— What's the latest on the Lance saga? I haven't even tried (or cared really) to follow the drama; but this story caught my eye: "A 30ft (9m) model of the American... will go up in flames in Edenbridge." Burning an effigy of Lance. Wow.

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  • are November 5, 2012 at 10:28 am

    that part about UPS apparently doing the research to find out jankowski had two children was slightly creepy

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    • John Lascurettes November 5, 2012 at 10:30 am

      It might have been coincidence (as in they either assumed he had children or just gave him extra goodies because they wanted to). Not enough data (in the article) to know.

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    • A.K. November 5, 2012 at 11:56 am

      He may have mentioned them previously on twitter, if the UPS folks bothered to look at his past tweets. Not that creepy, considering he is sharing that info voluntarily online.

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      • are November 5, 2012 at 12:50 pm

        facebook does show a photo with the two kids. still, it means they did some research on him before making this gesture. and in fact the gesture was probably made in large part because they saw what an audience he had.

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  • John Lascurettes November 5, 2012 at 10:31 am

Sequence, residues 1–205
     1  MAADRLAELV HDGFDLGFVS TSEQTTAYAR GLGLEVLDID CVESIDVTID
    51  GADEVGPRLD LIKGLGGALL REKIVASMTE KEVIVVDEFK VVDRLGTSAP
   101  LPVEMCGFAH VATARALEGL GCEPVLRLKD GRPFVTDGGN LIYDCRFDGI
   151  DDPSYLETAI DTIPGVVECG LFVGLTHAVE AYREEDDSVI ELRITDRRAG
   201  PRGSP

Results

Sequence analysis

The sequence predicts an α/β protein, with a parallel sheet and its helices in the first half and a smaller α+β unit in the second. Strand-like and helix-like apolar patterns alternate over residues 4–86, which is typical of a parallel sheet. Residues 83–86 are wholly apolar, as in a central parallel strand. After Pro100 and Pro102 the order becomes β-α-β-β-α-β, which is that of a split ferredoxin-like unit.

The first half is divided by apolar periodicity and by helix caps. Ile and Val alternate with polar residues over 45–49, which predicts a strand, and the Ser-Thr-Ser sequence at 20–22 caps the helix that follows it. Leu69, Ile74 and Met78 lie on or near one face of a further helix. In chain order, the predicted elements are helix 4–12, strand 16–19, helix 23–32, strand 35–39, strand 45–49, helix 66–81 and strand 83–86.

Regarding the RAF pilot's article: fascinating stuff. And all the more so an argument for lower speed limits that are enforced strictly.

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    • q`Tzal November 5, 2012 at 10:49 pm

      The bit on lane positioning is understressed as far as I'm concerned.

      I think the RAF guy might agree my exact analogy: riding to close to the curb is like flying your B-1 bomber in on a low altitude approach.

      After the Soviets shot down the U2 and made further advances it was clear that not being seen was the only way past the enemy's radar. This was pre-stealth so they had to hug the terrain to avoid being seen.
      This works very well for not being seen.

      Now compare it to cyclist lane positioning: the closer to the curb you are the less real chance an observer has of seeing you even if they are looking right at you.
      Gutter riding is stealth riding and one of the surest ways to avoid being seen.

      Take the lane: it is the only thing safe and practicable.

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    • Gary Charles November 6, 2012 at 9:18 am

      Next time a car kills another cyclist I'd be surprised if the defense didn't try and use this to justify the drivers actions. I realize that a driver being held accountable for killing someone on a bike isn't realistic but this is a hypothetical scenario after all.

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  • wsbob November 5, 2012 at 10:53 am

    In the last week, besides the fatal collision involving the Corvallis student, I ran across reports of two other car-bike collisions in which people riding were seriously injured; one in the Brooks area, the other on Hwy 26 at Manning. Sparse details offered in all of the reports leave major questions as to how and why the collisions may have happened.